Tag Archives: spatial reasoning

Spatial Puzzles

While searching for ways to help my engineering students develop some desperately needed problem-solving stamina and spatial reasoning, I came across these wonderful puzzles that are in color – and provide solutions. (Did I mention I need to practice my spatial reasoning, too?)¬† I gave them the TED Ed River Crossing Riddle last week, and I thought I was about to have a full-on mutiny on my hands when I wouldn’t reveal the answer right away, so I thought I would try some less complex challenges for the next few weeks ūüôā

image from Gerwin Sturm on Flickr

Gifts for the Gifted 2017 – Dog Pile

A few years ago, I thought I would help out the parents of my gifted and talented students by¬†writing about some games, toys, or books that I thought might make¬†good purchases during the holiday season. ¬†I called the series of posts, ‚ÄúGifts for the Gifted,‚ÄĚ and I have continued to do it annually on every Friday in November and December. ¬†These gifts are suggestions for¬†any¬†child ‚Äď not just those who qualify for a GT program. Sometimes I receive a free product for review, but I am not paid for these posts, and I never recommend a product that I wouldn‚Äôt buy for my own child. ¬†For past ‚ÄúGifts for the Gifted‚ÄĚ posts, you can visit¬†this page.


Dog Pile might be a good stocking stuffer for kids 8 and up.¬† Though the box recommends it for 10+, there is no reading needed (except for the instructions).¬† It’s a good game to promote growth mindset and spatial reasoning. Responsibility is another attribute you may need to cultivate, so none of the small plastic dog pieces get lost ūüėČ

The multi-colored dogs included are in a variety of shapes.  Challenge cards are included with scaffolded puzzles from Beginner to Expert.  Each card has a region that must be filled by the dogs suggested on the card.  When placed properly, the dogs will fill the area of the shape without going outside the lines.

Dog Pile is one of the games I like to say belongs in the, “Solitaire Games Best Played with a Partner.”¬† My daughter and I take turns on the challenges for games like this.¬† In my classroom, students usually work in pairs or small groups on games of this category (like Rover Control).¬† Conversing about the puzzles seems to help, and kids tend to persevere more.¬† It’s also important to keep them on the challenge “continuum.”¬† Children often try the first couple of puzzles, think those are too easy, and then skip to the Expert challenges.¬† When the Expert level frustrates them, they sometimes declare the game is “no fun.”¬† Encourage them not to skip levels, as each one slowly introduces new difficulties that will prepare them for more complex puzzles later on.¬† If playing this at home, you will find that games like this have a lot more “staying power” when adults join in and model good problem solving skills.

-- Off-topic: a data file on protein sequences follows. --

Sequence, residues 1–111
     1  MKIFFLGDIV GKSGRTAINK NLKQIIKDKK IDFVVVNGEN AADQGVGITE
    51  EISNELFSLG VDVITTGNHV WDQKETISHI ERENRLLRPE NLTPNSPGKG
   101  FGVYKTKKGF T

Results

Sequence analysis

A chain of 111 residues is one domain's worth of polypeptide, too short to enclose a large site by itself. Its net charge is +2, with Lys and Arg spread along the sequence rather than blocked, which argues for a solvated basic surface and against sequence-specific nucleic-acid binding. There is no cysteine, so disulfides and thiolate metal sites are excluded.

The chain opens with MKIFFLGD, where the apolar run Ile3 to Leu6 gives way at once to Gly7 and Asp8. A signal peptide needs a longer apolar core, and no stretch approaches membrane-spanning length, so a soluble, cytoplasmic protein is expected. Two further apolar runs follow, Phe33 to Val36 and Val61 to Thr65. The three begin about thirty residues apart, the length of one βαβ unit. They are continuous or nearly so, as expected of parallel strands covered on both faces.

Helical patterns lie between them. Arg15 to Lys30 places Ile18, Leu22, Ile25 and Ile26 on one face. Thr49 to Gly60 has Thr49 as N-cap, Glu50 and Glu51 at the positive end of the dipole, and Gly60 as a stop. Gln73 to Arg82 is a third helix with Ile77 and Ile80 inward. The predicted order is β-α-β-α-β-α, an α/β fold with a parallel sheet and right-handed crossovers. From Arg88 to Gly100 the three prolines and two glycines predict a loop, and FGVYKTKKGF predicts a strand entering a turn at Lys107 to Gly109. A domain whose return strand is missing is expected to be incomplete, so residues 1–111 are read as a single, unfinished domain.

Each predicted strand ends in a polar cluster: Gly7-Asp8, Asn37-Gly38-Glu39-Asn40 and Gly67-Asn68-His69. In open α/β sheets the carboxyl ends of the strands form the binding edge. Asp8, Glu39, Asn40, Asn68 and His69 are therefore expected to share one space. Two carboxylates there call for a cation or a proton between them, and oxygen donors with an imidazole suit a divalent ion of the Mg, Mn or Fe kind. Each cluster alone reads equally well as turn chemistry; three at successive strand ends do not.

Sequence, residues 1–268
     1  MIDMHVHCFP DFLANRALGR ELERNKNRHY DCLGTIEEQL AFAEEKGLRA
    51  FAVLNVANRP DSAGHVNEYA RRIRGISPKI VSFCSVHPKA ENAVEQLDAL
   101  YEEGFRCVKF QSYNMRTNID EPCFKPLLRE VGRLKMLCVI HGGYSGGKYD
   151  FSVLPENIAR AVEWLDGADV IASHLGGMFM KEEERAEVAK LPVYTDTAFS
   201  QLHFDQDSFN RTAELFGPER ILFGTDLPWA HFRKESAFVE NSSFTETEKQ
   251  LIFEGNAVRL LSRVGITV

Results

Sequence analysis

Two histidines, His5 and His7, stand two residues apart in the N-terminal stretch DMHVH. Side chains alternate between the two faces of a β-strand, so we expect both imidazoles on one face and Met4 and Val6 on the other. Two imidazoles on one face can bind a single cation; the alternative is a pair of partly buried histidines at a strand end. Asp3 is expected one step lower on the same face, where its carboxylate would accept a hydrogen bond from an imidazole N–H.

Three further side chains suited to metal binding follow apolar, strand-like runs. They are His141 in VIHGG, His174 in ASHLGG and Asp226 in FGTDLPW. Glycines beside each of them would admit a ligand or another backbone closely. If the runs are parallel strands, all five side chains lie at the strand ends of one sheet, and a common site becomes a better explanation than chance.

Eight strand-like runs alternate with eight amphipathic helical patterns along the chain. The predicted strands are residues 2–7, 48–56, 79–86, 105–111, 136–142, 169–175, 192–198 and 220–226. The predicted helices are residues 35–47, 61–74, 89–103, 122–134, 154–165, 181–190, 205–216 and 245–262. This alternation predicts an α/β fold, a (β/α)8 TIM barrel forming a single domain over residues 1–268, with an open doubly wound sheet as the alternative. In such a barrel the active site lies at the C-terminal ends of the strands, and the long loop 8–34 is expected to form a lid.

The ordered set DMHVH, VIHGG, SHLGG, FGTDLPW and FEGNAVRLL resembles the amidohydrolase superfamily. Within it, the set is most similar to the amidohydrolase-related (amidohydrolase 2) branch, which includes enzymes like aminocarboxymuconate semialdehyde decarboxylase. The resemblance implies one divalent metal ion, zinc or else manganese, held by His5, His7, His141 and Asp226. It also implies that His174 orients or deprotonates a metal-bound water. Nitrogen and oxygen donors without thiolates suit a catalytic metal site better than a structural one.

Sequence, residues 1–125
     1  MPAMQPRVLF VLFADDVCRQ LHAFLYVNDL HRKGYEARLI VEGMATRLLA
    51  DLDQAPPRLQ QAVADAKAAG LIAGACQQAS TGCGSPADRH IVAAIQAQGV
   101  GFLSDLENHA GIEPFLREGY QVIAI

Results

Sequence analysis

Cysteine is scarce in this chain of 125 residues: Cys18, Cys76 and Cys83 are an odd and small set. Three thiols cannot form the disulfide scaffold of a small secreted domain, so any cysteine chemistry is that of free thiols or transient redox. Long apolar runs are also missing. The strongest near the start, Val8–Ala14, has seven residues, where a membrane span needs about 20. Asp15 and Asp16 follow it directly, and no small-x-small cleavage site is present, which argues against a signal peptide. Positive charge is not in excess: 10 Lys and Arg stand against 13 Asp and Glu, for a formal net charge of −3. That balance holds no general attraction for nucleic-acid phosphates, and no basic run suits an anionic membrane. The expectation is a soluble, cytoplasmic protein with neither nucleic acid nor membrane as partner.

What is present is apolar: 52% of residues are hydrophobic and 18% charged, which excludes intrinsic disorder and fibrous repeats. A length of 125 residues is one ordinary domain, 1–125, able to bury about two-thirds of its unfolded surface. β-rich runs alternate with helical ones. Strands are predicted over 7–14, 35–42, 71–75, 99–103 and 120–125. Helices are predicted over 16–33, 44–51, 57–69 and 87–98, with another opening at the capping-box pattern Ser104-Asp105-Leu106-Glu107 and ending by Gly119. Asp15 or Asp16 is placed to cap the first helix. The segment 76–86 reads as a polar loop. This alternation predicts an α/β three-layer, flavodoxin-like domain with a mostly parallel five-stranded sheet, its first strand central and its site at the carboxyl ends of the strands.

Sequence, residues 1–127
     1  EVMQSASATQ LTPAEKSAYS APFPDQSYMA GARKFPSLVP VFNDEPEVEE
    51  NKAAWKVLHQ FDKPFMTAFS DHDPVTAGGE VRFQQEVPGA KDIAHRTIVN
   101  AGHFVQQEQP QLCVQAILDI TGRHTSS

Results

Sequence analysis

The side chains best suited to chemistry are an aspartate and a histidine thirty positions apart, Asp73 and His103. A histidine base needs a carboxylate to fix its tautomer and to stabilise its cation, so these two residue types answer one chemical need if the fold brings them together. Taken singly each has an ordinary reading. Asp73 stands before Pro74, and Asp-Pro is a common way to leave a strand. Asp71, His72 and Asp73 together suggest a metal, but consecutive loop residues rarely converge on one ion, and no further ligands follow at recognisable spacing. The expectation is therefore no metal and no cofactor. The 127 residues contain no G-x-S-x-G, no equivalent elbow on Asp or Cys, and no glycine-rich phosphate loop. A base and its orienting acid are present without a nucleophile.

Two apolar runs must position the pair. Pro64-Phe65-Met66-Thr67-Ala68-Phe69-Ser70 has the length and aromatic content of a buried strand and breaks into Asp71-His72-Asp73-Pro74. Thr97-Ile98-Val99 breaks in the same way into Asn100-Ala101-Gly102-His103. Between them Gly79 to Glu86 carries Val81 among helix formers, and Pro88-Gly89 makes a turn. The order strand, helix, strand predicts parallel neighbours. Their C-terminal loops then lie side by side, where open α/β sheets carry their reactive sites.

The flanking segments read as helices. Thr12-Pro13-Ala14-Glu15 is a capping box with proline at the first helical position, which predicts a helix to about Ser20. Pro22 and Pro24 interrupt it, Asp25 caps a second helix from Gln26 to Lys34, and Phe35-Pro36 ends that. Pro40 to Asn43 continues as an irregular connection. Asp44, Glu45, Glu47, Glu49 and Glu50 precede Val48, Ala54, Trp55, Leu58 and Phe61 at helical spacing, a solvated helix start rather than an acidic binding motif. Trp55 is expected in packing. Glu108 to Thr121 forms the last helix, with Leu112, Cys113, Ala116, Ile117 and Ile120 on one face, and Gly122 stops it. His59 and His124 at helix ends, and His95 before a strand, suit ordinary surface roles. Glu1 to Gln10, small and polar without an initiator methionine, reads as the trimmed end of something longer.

You can watch the video below for a quick explanation of the game.

Oh, and if your household prefers cats, there is a feline version of the game here!

Spatial Reasoning

Some of the tests that students can take in their quest to qualify for gifted services require spatial reasoning.  I am frequently astounded by the performance of some students on these tests as they whip through the pages at lightning speed, ending up with nearly perfect scores.  Spatial reasoning has never been my strong suit, and even the questions on tests for 6 year olds can make me go cross-eyed.

When you think about it, however, we don’t usually practice a lot of spatial reasoning¬†during a typical school day. After all, aside from geometry and map skills, it’s not generally a part of state standardized tests. ¬†According to this article from MindShift, though, we should consider integrating more spatial reasoning into our curriculum.

What kinds of activities can we do to build spatial reasoning skills in school?  Here are some suggestions in an article directed to parents from Parenting Science.

Programming and 3d design also require spatial reasoning.  Creative building projects like you can find on PBS or on DIY.org are also great ways to practice this type of thinking.

Here are some of the blog posts that I’ve done in the past, recommending games and apps to develop spatial reasoning.

I tried some of these Zukei puzzles, and learned that I really need to work on this skill myself.  If you think those are easy, then try the angle puzzles here.

Considering I have to use the Waze app to find my way out of a parking lot, I think I probably should spend a few hours a week sharpening my brain on these types of challenges (or just resort to online shopping for the rest of my life).

Camelot Jr. – one of my favorite games for pre-schoolers to practice spatial reasoning – can be found along with many others on my Games & Toys Pinterest Board